An Activism Start-Up at Columbia University Wants to Turn Protesters Into Paid Journalists

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"Because our generation cares about more than cat videos" - #protestify
In a world of more than 7 billion people, we can probably assume that at any given time, somebody somewhere is protesting something.

And although it's not for lack of trying (journalists love themselves some protests), reporters are simply not able to cover each and every one. Sometimes this is just because there isn't enough time to cover everything that goes on in any city on a given day. But often it's because organizers have difficulty getting their content to appropriate news agencies. One group from Columbia University, calling itself "Protestify," has taken it upon itself to solve this problem by making it easier for organizers to spread the word.

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In the Battle for .NYC Domains, Money Talks

Categories: Internet

Courtesy GoDaddy
The NYC GoDaddy barge told people about the town's new domain names. And, of course, not to tell NJ.

The race for the first round of .nyc domain names was a pretty feisty one.

More than 1,000 proposed domain extensions ending in .nyc received multiple applications, according to information from Web analytics company Neustar, which handles tech and registration issues for the city's domain.

It's probably no surprise there are so many names facing stiff competition -- .nyc is the ninth most popular new top-level domain, or website suffix like .com, .org, or .net.

Now, potential .nyc owners vying for the most hotly contested domain names are slugging it out using the most fitting weapon here in the global nexus of financial capital: money.

See Also: Lost Out on Will Soon Be Available at a Domain Auction Near You

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.NYC to NJ: Get Your Own Damn Dot!

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Best thing about Jersey: Great views of New York!

Look out the window right now and you'll see a giant barge floating up the Hudson River from Red Hook to Riverside. And not just any barge -- this one's been outfitted with a giant banner, draped over a stack of freight containers, that reads: ".NYC Domains at GoDaddy. SHHH -- Don't Tell Jersey."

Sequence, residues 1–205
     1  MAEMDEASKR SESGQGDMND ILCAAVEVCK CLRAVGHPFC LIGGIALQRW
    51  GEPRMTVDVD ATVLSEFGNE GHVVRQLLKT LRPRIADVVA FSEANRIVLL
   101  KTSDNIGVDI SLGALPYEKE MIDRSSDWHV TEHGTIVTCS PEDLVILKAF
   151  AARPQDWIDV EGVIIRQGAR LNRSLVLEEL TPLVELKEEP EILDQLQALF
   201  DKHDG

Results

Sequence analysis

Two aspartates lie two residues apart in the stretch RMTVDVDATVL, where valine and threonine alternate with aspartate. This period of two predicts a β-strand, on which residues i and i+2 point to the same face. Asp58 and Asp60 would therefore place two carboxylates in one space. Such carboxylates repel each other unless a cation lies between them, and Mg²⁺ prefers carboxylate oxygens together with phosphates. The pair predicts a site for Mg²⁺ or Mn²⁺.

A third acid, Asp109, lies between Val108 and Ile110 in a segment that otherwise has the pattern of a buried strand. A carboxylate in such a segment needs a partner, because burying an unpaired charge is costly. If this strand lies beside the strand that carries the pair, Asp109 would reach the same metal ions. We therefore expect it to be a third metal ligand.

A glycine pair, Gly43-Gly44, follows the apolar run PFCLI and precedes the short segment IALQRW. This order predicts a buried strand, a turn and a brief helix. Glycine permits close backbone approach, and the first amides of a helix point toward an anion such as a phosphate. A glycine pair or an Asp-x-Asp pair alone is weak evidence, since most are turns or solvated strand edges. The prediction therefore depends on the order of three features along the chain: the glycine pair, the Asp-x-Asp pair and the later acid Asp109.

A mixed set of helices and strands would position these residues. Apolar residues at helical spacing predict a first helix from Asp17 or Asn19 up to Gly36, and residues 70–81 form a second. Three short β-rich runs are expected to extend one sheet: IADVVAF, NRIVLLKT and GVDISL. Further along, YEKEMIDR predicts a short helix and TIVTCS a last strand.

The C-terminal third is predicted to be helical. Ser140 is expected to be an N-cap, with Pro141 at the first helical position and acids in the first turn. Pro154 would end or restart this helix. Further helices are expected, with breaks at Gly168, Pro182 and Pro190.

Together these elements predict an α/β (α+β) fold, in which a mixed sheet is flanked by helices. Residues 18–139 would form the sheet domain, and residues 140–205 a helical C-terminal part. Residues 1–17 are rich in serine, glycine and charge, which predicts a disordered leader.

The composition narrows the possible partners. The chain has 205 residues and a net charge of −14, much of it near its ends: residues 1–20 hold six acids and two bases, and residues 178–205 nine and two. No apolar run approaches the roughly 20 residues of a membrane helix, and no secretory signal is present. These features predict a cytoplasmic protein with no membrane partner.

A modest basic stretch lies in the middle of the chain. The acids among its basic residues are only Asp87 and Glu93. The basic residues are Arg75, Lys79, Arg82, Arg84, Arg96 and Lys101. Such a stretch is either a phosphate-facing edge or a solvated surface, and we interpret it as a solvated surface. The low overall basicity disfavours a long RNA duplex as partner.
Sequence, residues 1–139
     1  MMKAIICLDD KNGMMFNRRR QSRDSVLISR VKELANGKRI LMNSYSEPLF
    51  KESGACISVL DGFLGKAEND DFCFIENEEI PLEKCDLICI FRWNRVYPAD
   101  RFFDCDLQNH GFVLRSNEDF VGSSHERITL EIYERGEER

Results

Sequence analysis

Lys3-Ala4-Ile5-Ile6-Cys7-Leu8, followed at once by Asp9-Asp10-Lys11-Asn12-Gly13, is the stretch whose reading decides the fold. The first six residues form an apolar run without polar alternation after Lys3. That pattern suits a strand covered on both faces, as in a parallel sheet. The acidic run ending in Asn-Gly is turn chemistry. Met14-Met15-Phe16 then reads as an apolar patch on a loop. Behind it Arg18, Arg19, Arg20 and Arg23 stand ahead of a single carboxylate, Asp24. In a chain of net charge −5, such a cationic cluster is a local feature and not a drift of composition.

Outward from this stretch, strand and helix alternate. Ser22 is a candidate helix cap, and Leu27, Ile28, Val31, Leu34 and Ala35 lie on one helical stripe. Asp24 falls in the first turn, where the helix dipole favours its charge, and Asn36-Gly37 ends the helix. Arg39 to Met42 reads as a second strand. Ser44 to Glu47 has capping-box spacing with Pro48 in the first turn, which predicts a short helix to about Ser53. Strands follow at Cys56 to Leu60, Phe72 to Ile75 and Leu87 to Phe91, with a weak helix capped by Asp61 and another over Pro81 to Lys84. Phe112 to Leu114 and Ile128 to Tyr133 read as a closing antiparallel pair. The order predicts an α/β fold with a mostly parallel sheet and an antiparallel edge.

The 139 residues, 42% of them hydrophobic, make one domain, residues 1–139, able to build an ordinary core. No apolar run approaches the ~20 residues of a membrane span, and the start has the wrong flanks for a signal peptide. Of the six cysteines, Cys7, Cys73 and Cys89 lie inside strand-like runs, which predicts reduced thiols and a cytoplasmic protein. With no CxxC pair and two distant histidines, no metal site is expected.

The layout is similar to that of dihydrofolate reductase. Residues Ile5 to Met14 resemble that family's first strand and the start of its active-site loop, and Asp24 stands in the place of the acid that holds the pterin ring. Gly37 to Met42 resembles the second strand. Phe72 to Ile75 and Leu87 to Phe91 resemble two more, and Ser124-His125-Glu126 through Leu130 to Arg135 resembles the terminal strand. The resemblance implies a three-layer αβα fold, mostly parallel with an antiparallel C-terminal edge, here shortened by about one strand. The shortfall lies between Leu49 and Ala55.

It's promoting the new .nyc internet domain suffix, which is accessible only to residents of the five boroughs. The idea is that dot-nyc domains will bring in revenue and entice local small businesses to build an internet presence.

And apparently, the campaign is aimed at encouraging New York City residents to gloat at our neighbors a mere bridge-and-tunnel away.

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Why Were New York Government Websites Hidden From an Internet Archive for 13 Years?

Credit: Screenshot
Someone in New York State government apparently didn't want the Wayback Machine archiving their goods.
The nonprofit Internet Archive has an impossibly ambitious mission: to save a copy of every last piece of the public internet, forever, and to make the records freely available for anyone to use.

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Lost Out on Will Soon Be Available at a Domain Auction Near You

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The bidding wars for .nyc domains are about to get cah-ray-zee.
When the web address was sold in 2012 for a reported $13 million, it was most likely the highest price ever paid for a single domain name. And precisely no one was surprised that particular address attracted the big money.

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Bad Legislation in Albany Causes Cyberbullying Law to Violate First Amendment

Categories: Courts, Internet

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In 2010, Marquan Mackey-Meggs, a 15-year-old student at Cohoes High School in Albany County, started a Facebook group called "Cohoes Flame."